Playing Possum On Brooklyn Ave: Locals Help Stranded Marsupial

EAST FLATBUSH – When employees of Lenox Hill Radiology on Brooklyn Avenue saw a strange sight on a barbed wire fence Thursday afternoon, they and neighbors sprang into action to try and help what turned out to be a slow moving opossum carrying small babies in her pouch.

Opossum sits on a dumpster next to Lenox Hill Radiology on Brooklyn Avenue. (Photo by Todd Maisel)

The discovery of the opossum on the fence next to the radiology center at 1014 Brooklyn Ave., near Snyder, attracted numerous residents to see the unusual sight of a nocturnal creature that doesn’t normally show itself in daylight.

Francisco Salerom, a superintendent for a Snyder Avenue residential building, said he saw the hapless opossum up on the barbed wire fence next to a vacant lot.

“I came over and saw the little babies on her—she was stuck on the barbed wire,” Salerom said as police emergency service officers arrived to remove the opossum to a safer place away from residents. “I helped her with a large stick by moving the barbed wire so she could walk through it on top of the fence. She couldn’t seem to get off, but when I moved the wire, she could get down onto the dumpster.”

ESU officer examines opossum at a distance, not wanting to panic the nervous marsupial. (Photo by Todd Maisel)

Police from the 67th Precinct arrived and kept pedestrians at a distance so they wouldn’t scare the creature and to keep them safe.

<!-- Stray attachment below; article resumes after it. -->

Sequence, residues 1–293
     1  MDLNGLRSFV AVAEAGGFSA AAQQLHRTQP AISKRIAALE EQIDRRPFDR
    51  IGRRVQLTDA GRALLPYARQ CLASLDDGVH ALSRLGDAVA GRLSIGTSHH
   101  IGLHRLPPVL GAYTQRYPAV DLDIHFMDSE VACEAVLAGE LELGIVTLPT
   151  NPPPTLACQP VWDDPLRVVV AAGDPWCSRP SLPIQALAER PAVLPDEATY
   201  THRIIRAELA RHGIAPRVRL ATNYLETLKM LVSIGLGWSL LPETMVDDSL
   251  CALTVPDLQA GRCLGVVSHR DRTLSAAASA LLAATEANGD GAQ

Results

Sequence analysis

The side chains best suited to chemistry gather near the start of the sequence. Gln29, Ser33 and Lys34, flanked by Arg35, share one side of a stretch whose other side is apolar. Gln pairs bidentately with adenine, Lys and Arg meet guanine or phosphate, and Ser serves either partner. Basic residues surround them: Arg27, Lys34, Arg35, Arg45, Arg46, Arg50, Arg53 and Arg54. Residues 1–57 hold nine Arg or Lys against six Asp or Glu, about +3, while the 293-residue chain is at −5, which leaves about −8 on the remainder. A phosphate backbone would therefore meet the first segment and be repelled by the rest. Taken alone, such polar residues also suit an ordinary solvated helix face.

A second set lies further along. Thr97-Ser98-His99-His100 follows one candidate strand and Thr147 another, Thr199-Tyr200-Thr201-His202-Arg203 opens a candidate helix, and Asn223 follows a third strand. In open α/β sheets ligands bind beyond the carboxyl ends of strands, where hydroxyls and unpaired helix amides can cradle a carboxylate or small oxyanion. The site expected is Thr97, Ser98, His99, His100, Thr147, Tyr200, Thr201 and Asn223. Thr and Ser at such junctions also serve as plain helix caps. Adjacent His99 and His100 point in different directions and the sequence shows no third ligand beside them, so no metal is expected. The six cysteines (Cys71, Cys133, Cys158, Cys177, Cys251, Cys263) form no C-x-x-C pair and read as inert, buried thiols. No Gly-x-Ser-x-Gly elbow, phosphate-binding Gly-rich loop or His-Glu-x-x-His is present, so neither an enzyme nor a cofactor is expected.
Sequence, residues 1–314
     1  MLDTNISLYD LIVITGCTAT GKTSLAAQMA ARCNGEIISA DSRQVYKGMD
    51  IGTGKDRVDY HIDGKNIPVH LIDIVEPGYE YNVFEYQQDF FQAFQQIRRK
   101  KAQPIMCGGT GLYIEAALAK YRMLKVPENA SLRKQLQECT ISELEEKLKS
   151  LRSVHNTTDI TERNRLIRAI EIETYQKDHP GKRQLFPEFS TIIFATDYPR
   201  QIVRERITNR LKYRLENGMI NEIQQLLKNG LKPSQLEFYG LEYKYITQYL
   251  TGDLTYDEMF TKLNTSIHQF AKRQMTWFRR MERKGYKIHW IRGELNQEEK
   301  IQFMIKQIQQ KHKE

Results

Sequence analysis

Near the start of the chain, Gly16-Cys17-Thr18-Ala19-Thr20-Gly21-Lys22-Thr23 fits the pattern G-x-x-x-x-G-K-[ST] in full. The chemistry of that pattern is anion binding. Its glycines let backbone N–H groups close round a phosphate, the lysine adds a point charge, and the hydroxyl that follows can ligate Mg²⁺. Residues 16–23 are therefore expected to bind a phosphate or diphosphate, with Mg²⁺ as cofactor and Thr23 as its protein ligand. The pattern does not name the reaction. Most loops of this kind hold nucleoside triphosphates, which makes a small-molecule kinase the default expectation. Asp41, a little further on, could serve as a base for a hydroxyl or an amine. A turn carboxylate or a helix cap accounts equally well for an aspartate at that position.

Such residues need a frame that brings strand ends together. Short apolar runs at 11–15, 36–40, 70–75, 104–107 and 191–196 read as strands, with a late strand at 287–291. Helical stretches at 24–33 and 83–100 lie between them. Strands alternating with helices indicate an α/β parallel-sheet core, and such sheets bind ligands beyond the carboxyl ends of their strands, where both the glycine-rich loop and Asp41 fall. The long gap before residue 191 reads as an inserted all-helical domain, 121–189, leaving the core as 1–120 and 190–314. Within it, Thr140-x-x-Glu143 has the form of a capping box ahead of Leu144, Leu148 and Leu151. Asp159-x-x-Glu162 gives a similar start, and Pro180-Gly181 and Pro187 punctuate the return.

The employees treated the young mother with babies in her pouch to a platter of rice and beans and a dish of water before police arrived. “She looked like she was hungry and she ate some food and water, but she stayed there since then.”

Emergency service officers arrived at about 5 p.m. and were able to remove the opossum into a box provided by the clinic. Police were able to release the opossum into the trees at nearby Holy Cross Cemetery.

As ESU officers try to move the opossum, she shows she is not too happy. (Photo by Todd Maisel)

An opossum in a yard should not be a problem. They are not aggressive or destructive creatures and do not attack pets or dig burrows, according to Wildlifehelp.org. They are helpful because they eat many types of insects, including crickets and beetles, as well as mice. Opossums may forage in trash or pet food left outside and will sometimes raid poultry yards or gardens to feed on fruits and vegetables. They tend to be solitary,  nomadic, and primarily nocturnal. They bare their teeth, hiss, or “play dead” when threatened.

The opossum is lowered into a cardboard box to be removed to a safe place. (Photo by Todd Maisel)

Opossums are common in New York, mostly in the outer boroughs, where there are more places for them to nest, hide and find food.

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Todd Maisel

Todd Maisel

Todd Maisel is an award-winning photographer with more than 35-years, specializing in breaking news. He currently serves as vice president of the New York Press Photographers. He was honored by the National Press Photographers Association and the Uniform Firefighters Association for saving the life of a firefighter he found in debris after the collapse of the World Trade Center, assisting in the rescue of an injured photographer, and for extensive coverage of the attack. Maisel is a graduate of NYU School of Journalism.

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